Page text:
Depression: What It Feels Like #AtoZChallenge

Welcome to day four in the #AtoZChallenge. Today I am once again struggling to find the motivation to write. I also didn’t think up a topic for today until just now. Today’s topic is depression. Most people will have some basic knowledge of it, so this isn’t going to be a primarily informative post. Rather, I am sharing what depression feels like to me.

From age seven or eight on, I experienced depression. However, in my case, its main manifestation wasn’t sadness. I wasn’t crying all day. In fact, I rarely cry unless I’ve had a meltdown. Rather, my main manifestation was irritability. This is common in children and adolescents.

However, because my most obvious mental health symptom continued to be irritability into adulthood, I wasn’t diagnosed with depression until age 30. I had some assessments for it when in my twenties, but always checked off just a little too few boxes.

When I got diagnosed with depression in 2017, I first had a screening tool administered. This tool covered some of the more atypical symptoms of depression, such as feeling like a weight is on your body, gastrointestinal symptoms, etc.

Depression to me feels like a constant heaviness on my body. I can literally feel it weighing down on my shoulders.

Another important aspect of depression is feeling low. When I was first assessed for depression in 2007, I didn’t know what the feeling of depression meant, so the psychiatrist clarified it by asking if I’m sad. The thing is though, sadness and depression are very different. Though some people with depression cry all day, most don’t feel particularly sad. It also isn’t a situational thing, as sadness often is.

Another thing about depression is that most sufferers have trouble sleeping, eating and maintaining weight, resulting in weight loss. However, in my case, I sleep too much, eat too much and gain weight.

Suicidal thoughts are also a part of depression, but most severely depressed people are too lethargic to actually be actively suicidal. When I have vivid thoughts of ending my life, I can tell it’s usually more situational and due to emotion regulaiton issues. When I’m “just” depressed, the thought of ending my life is a constant lingering presence at the back of my mind.

Lastly, a common symptom of depression is psychomotor agitation or retardation. This means people get slower or conversely more restless. I tend to experience a mixture of both, but usually when I’m purely depressed, slowness is the overriding symptom.

Remembering the Onset of My Temper Outbursts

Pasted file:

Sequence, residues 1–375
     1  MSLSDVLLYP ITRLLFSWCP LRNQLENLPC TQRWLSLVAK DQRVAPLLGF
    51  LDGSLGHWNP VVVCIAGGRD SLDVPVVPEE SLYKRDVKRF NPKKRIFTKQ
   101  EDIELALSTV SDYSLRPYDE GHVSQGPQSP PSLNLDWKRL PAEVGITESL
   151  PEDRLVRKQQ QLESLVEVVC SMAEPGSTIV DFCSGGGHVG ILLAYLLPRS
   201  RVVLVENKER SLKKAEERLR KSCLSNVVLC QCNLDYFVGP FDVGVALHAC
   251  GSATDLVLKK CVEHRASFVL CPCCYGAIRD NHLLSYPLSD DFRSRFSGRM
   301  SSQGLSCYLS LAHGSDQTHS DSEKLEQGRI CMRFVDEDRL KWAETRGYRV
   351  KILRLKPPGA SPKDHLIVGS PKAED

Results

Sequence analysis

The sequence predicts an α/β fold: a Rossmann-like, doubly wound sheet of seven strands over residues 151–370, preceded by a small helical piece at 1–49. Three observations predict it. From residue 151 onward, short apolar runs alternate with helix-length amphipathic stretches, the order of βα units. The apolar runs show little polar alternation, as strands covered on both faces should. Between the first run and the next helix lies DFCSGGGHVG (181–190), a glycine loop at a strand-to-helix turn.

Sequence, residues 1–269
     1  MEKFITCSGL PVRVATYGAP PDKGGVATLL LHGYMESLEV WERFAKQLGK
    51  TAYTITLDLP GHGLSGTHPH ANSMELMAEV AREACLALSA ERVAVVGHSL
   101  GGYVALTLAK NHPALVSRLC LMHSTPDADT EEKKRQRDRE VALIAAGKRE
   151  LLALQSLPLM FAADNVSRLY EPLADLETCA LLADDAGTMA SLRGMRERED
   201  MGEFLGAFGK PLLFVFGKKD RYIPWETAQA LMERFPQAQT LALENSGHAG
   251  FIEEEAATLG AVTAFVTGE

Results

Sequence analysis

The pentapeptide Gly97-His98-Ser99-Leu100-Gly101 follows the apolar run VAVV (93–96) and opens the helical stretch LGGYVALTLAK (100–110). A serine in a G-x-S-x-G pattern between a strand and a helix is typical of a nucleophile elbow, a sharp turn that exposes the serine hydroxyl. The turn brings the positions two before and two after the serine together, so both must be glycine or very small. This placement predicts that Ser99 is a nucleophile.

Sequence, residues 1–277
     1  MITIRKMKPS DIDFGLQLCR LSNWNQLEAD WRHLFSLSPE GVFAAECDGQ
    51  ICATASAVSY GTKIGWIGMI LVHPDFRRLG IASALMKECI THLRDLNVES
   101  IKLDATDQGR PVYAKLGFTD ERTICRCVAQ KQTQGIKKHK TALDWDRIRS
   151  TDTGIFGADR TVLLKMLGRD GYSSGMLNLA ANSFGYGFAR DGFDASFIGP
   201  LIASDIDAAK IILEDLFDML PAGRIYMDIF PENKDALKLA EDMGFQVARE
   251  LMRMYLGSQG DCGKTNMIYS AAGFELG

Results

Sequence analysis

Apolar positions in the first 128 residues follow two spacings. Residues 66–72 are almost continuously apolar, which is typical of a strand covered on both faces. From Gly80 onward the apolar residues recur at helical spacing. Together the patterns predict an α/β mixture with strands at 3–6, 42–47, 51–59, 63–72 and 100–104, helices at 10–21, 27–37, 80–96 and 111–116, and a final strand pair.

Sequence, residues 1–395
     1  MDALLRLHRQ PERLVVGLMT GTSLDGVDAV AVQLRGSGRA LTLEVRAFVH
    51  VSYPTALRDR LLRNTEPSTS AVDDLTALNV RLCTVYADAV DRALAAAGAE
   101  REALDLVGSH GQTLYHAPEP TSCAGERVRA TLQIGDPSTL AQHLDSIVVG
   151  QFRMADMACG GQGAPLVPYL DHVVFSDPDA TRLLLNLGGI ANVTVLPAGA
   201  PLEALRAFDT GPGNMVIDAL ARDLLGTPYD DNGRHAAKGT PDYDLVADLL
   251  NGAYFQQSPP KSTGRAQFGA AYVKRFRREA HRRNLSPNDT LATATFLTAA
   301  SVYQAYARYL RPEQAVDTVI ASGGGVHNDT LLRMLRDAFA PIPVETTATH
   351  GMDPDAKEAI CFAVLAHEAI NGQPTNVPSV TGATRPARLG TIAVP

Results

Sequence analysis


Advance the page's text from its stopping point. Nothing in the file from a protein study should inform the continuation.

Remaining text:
I have been a member of groups on the topic of disruptive mood dysregulaiton disorder (DMDD) for the past year or so. DMDD was introduced to the psychiatrist’s manual with DSM-5 in 2013. It is a condition in which a child or teen is irritable or angry most of the time and has severe temper outbursts on average at least three times a week for a period of at least twelve months. The diagnosis cannot be made in a child under six or a person over eighteen. This being the case, I’m not in these groups because I currently think I may have DMDD, but because I think I may’ve had it as a child.

According to my parents, I was just a little immature emotionally until the age of around seven. I switched schools, transferring from mainstream Kindergarten to a school for the visually impared, when I was nearly six in 1992. In 1993, I started to learn Braille. This is around the time my temper outbursts started. According to my parents, I wasn’t even regularly irritable up to that point. They describe me as a relaxed, cheerful child.

My own memories are hazy. Of course, I remember temper tantrums from before age seven, but what child doesn’t have those at times? Between the ages of seven and nine, my mood got worse and worse. I remember being suicidal at arund the age of eight.

So was this DMDD? We will never know, as the diagnosis didn’t exist back in 1993. Was it, like my parents believe, a way of expressng my frustration with the fact that I was going blind? Was I being manipulative, also like my parents think? Trying to elicit care from my parents and professionals by acting out? Or was it a form of autistic burn-out? Had neurotypical developmental expectations overwhelmed my autistic brain?

Like I may’ve said, my parents don’t believe I’m autistic. They believe I have some traits, but not enough to impair my functioning or warrant a diagnosis. They say I’m just blind and of genius intelligence. And oh, the rest is just me trying to manipulate people for attention. They don’t seem to realize, then, that I, too, suffered from my irritability and anger outbursts.